Since the coronavirus pandemic began pounding the U.S. three months ago, more than 33 million Americans have filed for initial unemployment benefits — an unprecedented number, according to economic experts.
A vast majority of jobs lost were in industries critical to the everyday U.S. economy — such as aviation, hospitality, restaurants and bars, and big retail.
24/7 Wall St., a financial website, created an index of the pandemic’s ongoing impact on each state’s economy. The index is based on the number of COVID-19 cases per 10,000 residents; the share of employment lost in industries deemed high risk by Moody’s Analytics; new unemployment claims since mid-March; and projected unemployment rates by state for July 2020 from the Economic Policy Institute, a nonpartisan, nonprofit think tank.
According to 24/7 Wall St., the states that rank as the hardest hit are Nevada, Hawaii and Louisiana. The data analysts at Wallethub rank the worst-hit states as Georgia, New Hampshire and Kentucky, with Louisiana in fourth place.
The U.S. Chamber of Commerce last week launched an interactive map with state-specific information to help business owners navigate different state-based public health guidelines as they begin to reopen.
“The economic crisis caused by the coronavirus pandemic presents unprecedented challenges for American employers who are working hard to protect their employees and customers as they navigate a safe and sustainable return to business,” said Neil Bradley, executive vice president and chief policy officer of the U.S. Chamber of Commerce. “It is absolutely critical for employers to have uniform guidelines that can be practically implemented as they move to reopen.”
The question on everybody’s mind is whether it’s a good idea to reopen states to reduce the unemployment rate?
“It is only a good idea to reopen a state in an effort to reduce the unemployment rate if the state is clearly well past the peak in new coronavirus cases and has a detailed plan for reopening safely,” said Jill Gonzalez, a WalletHub analyst.
“States should reopen gradually, as recommended by the White House, and they should keep in place guidelines about maintaining distance from other people and wearing masks in public until the crisis has fully abated,” she said. “While jobs suffer when states remain closed, it’s better to provide additional financial support to unemployed people than to open and then have to close again.”
And there is no guarantee the jobs lost due to the coronavirus will be there for employees now that most states are in various stages of reopening and Americans must confront the new normal.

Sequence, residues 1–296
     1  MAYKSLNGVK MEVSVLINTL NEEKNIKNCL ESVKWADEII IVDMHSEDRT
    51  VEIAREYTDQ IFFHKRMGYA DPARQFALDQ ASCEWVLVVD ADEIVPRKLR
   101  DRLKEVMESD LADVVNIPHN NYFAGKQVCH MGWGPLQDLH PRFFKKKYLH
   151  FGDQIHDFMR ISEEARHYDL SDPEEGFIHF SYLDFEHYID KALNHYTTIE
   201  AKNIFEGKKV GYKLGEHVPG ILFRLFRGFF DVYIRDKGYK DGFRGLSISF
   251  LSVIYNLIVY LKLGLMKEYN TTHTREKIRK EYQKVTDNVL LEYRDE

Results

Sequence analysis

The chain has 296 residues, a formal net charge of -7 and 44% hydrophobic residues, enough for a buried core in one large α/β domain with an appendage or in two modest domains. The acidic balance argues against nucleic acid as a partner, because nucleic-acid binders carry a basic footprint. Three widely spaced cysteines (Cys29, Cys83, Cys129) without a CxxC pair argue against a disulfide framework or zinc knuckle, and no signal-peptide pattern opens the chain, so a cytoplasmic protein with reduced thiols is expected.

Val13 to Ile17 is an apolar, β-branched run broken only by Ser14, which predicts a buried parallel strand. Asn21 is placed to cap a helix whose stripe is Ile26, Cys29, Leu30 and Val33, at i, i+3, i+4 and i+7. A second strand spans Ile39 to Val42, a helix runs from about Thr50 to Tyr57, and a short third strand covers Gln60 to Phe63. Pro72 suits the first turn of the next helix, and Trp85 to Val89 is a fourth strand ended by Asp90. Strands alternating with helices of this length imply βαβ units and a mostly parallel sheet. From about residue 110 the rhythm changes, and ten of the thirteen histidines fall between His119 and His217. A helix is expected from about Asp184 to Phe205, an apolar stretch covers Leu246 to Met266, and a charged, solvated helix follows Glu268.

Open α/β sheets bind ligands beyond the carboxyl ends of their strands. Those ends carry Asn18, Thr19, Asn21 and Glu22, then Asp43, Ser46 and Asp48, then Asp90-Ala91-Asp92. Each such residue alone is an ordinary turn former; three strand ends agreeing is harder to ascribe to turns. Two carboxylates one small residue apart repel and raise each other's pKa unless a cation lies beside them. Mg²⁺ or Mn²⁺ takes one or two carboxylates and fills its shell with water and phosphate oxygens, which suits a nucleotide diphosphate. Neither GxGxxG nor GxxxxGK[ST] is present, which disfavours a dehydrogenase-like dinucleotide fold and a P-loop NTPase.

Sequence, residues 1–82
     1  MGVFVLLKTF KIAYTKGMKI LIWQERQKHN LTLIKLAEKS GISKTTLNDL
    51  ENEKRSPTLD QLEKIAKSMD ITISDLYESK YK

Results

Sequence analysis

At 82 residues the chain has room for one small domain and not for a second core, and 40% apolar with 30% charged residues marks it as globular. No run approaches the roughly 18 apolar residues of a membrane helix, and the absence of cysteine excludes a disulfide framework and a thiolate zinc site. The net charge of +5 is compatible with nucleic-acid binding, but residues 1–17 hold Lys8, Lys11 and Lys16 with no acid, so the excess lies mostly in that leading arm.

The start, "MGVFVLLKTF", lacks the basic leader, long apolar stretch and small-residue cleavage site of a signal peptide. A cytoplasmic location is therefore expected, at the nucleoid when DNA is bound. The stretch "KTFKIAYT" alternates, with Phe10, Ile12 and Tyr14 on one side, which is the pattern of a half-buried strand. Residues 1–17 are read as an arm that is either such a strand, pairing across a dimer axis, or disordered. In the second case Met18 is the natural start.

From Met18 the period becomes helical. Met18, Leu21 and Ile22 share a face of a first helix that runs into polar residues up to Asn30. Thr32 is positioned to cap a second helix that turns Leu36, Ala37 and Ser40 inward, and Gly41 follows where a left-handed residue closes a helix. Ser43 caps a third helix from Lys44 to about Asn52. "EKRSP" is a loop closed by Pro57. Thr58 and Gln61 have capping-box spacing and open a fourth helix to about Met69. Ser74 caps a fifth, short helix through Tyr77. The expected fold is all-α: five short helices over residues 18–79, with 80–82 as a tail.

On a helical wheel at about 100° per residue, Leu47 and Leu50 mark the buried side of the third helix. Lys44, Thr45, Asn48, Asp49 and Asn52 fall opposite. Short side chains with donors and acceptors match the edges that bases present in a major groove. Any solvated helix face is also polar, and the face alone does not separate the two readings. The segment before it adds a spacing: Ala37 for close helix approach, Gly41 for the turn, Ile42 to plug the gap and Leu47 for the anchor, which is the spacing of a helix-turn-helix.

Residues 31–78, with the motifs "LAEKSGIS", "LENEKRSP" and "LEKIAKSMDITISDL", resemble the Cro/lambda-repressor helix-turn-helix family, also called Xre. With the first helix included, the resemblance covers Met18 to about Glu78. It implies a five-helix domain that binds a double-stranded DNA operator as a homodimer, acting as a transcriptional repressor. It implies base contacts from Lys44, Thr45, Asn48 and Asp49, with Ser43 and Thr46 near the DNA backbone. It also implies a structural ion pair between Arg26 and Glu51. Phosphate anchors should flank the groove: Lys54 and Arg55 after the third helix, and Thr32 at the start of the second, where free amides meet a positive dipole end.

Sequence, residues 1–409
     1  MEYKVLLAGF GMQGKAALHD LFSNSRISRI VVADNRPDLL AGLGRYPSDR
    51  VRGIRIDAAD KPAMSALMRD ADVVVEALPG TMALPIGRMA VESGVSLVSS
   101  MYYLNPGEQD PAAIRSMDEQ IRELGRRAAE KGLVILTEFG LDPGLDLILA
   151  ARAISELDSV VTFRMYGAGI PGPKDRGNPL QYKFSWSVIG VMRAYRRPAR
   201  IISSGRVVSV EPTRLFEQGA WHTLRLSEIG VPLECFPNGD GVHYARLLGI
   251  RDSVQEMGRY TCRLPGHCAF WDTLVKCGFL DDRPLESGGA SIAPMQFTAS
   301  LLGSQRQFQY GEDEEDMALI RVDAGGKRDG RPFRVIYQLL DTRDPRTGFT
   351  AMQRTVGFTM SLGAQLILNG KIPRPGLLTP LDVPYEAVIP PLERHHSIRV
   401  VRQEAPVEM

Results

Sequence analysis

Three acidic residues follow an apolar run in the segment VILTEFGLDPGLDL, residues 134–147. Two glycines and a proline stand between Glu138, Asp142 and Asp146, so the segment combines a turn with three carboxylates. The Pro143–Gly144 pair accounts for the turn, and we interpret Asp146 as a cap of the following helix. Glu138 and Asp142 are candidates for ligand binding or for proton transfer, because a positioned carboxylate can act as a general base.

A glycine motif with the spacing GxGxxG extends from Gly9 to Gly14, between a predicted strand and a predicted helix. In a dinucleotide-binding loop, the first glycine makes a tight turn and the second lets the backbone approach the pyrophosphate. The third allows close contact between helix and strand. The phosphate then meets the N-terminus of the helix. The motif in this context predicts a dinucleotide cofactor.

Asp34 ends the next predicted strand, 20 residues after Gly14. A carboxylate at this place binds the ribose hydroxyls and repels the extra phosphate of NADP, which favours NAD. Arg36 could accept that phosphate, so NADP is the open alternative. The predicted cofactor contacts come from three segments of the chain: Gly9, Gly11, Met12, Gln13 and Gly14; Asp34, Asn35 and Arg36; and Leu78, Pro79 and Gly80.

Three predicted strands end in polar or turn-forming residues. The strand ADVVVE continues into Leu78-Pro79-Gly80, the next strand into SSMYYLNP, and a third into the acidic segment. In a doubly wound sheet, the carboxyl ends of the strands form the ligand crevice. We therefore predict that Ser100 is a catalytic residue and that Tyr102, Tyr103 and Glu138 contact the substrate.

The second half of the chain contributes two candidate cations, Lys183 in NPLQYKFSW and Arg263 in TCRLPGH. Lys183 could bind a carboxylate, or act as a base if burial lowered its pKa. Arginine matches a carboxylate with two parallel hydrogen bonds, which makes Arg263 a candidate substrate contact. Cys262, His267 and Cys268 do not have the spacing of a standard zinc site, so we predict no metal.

So the question remains: How many businesses will recover after being closed for months and which states will see their industries recover — as some 47 states have made the decisions to reopen to some extent?
Kenneth Kim, senior economist with KMPG US, says the states that have suffered the most during the pandemic are those that “likely instituted more stringent lockdown measures to flatten the curve.”
“For those states most likely to recover, it also depends on the industry mix,” Kim told InsideSources. “If a state has a higher concentration of leisure and hospitality workers, the recovery may be slower relative to other states should COVID-19 continue in waves. For example, Hawaii and Nevada.”
According to an analysis by Moody’s Analytics, these industries include leisure and hospitality, travel services, transportation and warehousing, and oil and gas extraction.
It is unclear how much of an impact reopening states will have on revitalizing local economies.
April’s numbers showed the labor market’s sharp reversal since February, when joblessness was at a half-century low of 3.5 percent and the country notched a record 113 straight months of job creation.
Meanwhile, Oren Klachkin, lead economist with Oxford Economics USA, said he doesn’t “necessarily know if there is going to be a strong correlation between (COVID-19) cases and unemployment,” and he is awaiting new state numbers that are coming out late next week.
“In states such as New York, where the reliance on consumer discretionary spending is relatively less, businesses in those kinds of places can continue to operate somewhat as they were, before COVID hit,” Klachkin told InsideSources. “While at the same time, states with a lower number of cases have been hit probably more severely because consumer discretionary activity is a larger component of economic activity.
“There is a large amount of uncertainty regarding the path of the virus and, therefore, the impact on the economy.”